Relaxed and confident, Brad Walker accepted the congratulations of his fellow athletes after winning the pole vault in the U.S. Olympic trials. Walker was going to London for his second try at a medal.
He hopes this trip will be nothing like Beijing.
For this trip to the Olympics, Walker decided to adopt a new philosophy, a slightly unusual one for an athlete who excels at one of track and field’s most technical events: try and be just a little bit less perfect.
“I made the Beijing team, I had the highest jump in the world that year, and I walked home empty handed,” Walker said about the 2008 Summer Olympics. Favored to win a medal, Walker failed to clear even a qualifying height and never made it to the final.
“I had been to five world championships and have five medals,” he said. “The Olympics was the first major meet that I didn’t take a medal home, and I’m obviously really disappointed about it.”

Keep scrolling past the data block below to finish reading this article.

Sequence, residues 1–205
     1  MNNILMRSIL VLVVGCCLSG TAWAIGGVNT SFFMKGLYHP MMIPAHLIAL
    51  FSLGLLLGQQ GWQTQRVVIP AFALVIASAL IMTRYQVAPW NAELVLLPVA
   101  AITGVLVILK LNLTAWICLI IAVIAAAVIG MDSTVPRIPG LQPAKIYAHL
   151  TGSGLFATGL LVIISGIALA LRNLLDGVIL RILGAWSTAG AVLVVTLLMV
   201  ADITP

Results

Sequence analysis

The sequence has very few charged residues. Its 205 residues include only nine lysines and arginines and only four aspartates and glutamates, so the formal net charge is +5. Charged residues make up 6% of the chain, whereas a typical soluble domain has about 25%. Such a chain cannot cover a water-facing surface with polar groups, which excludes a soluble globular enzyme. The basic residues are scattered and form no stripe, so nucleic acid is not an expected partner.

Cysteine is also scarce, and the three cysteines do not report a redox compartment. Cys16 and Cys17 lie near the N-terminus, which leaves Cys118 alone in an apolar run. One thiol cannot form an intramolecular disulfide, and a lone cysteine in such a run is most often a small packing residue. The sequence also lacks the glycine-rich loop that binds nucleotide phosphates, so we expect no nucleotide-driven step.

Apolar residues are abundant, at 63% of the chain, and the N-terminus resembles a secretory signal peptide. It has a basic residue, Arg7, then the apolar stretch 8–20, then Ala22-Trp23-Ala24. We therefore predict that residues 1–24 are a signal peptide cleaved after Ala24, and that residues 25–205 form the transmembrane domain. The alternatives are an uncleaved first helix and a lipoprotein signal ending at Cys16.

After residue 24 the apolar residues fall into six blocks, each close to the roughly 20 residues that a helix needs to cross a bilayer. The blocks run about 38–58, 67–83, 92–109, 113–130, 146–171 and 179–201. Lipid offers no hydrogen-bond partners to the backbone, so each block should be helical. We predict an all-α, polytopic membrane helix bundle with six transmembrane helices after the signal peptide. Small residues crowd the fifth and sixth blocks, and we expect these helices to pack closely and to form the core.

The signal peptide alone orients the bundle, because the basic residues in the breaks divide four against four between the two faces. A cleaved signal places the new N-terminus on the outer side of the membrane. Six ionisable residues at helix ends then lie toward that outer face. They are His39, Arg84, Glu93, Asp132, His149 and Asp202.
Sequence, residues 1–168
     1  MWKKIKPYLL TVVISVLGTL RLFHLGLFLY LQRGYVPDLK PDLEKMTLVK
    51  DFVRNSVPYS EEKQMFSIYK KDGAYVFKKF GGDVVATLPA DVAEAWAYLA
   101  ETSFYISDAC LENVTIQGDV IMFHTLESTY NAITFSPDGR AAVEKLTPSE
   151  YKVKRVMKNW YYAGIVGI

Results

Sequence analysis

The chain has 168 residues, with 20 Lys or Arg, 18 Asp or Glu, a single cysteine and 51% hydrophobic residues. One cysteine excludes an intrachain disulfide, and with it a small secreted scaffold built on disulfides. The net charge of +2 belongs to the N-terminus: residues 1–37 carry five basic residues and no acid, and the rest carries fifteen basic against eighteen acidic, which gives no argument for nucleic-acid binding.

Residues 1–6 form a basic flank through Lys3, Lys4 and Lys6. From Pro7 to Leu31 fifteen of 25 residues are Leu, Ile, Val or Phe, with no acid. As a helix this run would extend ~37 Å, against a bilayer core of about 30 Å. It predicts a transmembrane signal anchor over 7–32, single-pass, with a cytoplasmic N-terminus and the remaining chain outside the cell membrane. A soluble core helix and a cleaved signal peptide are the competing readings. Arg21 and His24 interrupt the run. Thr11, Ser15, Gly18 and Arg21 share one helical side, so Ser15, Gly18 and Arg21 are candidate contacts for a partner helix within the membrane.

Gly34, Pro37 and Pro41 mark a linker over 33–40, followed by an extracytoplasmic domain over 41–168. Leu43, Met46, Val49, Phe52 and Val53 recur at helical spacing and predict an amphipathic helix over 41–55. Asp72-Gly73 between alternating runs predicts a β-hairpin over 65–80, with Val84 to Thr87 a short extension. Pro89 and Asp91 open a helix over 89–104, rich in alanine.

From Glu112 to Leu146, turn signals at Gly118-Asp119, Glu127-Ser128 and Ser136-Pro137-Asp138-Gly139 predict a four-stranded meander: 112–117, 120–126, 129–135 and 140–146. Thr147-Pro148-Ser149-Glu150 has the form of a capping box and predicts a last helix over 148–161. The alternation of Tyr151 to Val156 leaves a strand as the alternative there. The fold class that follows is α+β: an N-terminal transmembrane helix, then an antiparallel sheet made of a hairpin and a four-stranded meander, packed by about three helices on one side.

Four years later, that disappointment still haunts Walker. But it also has fueled his determination.
“One of the things I learned from that experience is I’m a bit of a perfectionist when it comes to my preparation and training,” Walker said. “I tried to prep everything perfectly going into Beijing.”
It didn’t take long for Walker to realize there were some things he simply couldn’t plan for.
Walker placed third at the Olympic trials in 2008 with a qualifying jump of 18-4 after setting the American record (19-93/4) one month earlier at the Prefontaine Classic.
Focused on staying in control, Walker went to Beijing prepared for everything except the unexpected.
“We had a qualifying round at 8 p.m., and I took my last jump past midnight,” Walker recalled. “You don’t train for something like that.”
The delays spelled disaster for Walker, who left Beijing stunned. Eventually, disappointment, then anger, set in.View Entire Story
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